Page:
Twilio refers to its model as a "developer-first platform approach" and explains that "our Business Model for Innovators empowers developers by reducing friction and upfront costs, encouraging experimentation and enabling developers to grow as customers as their ideas succeed."
Ultimately, Twilio's strategy aims to make its platform ubiquitous...
Our goal is for Twilio to be in the toolkit of every software developer in the world. As of March 31, 2016, over 900,000 developer accounts had been registered on our platform. Because big ideas often start small, we encourage developers to experiment and iterate on our platform. We love when developers explore what they can do with Twilio, because one day they may have a business problem that they will use our products to solve.
Lots of Developers = Lots of Customers
Not surprisingly, offering pick axes and shovels to nearly a million developers to date means that Twilio is serving a lot of paying customers.
The company reported 28,648 Active Customer Accounts as of March 31. Active Customer Accounts are defined as accounts that have produced recognized revenue of at least $5 in the past month.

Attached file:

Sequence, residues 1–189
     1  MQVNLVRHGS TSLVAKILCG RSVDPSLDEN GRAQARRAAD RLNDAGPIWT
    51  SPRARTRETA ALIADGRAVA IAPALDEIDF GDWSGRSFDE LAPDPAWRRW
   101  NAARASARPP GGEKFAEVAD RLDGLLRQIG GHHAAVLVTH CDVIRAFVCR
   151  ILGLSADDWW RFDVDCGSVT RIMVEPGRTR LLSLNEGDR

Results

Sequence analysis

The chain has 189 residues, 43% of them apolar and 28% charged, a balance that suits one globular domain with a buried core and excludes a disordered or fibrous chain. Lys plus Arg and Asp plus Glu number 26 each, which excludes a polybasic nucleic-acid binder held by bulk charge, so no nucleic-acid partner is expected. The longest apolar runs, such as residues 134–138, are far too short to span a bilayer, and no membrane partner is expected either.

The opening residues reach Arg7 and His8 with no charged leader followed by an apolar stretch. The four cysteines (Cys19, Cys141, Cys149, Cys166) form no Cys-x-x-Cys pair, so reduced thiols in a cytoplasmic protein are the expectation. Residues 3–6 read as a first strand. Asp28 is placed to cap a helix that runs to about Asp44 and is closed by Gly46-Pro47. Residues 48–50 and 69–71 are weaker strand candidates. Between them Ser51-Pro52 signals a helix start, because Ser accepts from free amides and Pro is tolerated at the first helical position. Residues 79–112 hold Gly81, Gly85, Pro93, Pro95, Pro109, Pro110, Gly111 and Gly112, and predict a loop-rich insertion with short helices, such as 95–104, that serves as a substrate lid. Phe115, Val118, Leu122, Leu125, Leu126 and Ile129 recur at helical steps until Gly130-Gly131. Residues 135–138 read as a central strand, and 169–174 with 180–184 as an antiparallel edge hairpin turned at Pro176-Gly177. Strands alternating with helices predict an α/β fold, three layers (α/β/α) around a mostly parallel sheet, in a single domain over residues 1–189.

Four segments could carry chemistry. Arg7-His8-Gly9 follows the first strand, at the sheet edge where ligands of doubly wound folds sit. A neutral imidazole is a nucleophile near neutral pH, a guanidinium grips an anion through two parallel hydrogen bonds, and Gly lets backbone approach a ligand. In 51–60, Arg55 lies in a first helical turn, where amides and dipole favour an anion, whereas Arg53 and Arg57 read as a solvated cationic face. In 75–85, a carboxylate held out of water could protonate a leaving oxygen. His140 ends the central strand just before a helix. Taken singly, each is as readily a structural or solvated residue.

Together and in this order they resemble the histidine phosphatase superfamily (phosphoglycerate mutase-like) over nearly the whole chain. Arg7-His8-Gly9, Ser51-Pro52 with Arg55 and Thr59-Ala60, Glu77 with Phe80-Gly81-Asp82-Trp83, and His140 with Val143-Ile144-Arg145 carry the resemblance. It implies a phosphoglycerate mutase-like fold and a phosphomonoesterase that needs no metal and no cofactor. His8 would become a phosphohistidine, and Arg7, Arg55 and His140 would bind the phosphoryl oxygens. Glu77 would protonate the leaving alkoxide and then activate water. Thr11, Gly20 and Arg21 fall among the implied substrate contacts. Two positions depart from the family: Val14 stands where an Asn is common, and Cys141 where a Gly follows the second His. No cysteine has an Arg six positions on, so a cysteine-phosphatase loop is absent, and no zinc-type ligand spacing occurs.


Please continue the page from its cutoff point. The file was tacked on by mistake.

Despite the fact that some very large organizations, including Uber, AirBnB, Box, Coca-Cola and the American Red Cross, rely on its platform, Twilio's revenue base appears to be fairly diversified. Its two largest customer accounts accounted for under 20% of its revenue last year.
Will that figure grow or shrink? While Twilo has, to date, grown largely on the back of its self-serve model, it is now adopting an enterprise sales approach to acquire larger customers...
We recently began to supplement our self-service model with a sales effort aimed at engaging larger potential customers, strategic leads and existing customers through an enterprise sales approach. Our sales organization targets technical leaders and business leaders who are seeking to leverage software to drive competitive differentiation. As we educate these leaders on the benefits of developing applications incorporating our products to differentiate their business, they often consult with their developers regarding implementation. We believe that developers are often advocates for our products as a result of our developer-focused approach. Our sales organization includes sales development, inside sales and field sales personnel.
The Best Customer Support is No Customer Support
"We have designed our products and platform to be self-service and require minimal customer support," Twilio states in its S-1. Key to that is the availability of SDKs, documentation and tutorials. Where customers need greater assistance, Twilio offers email support at no cost.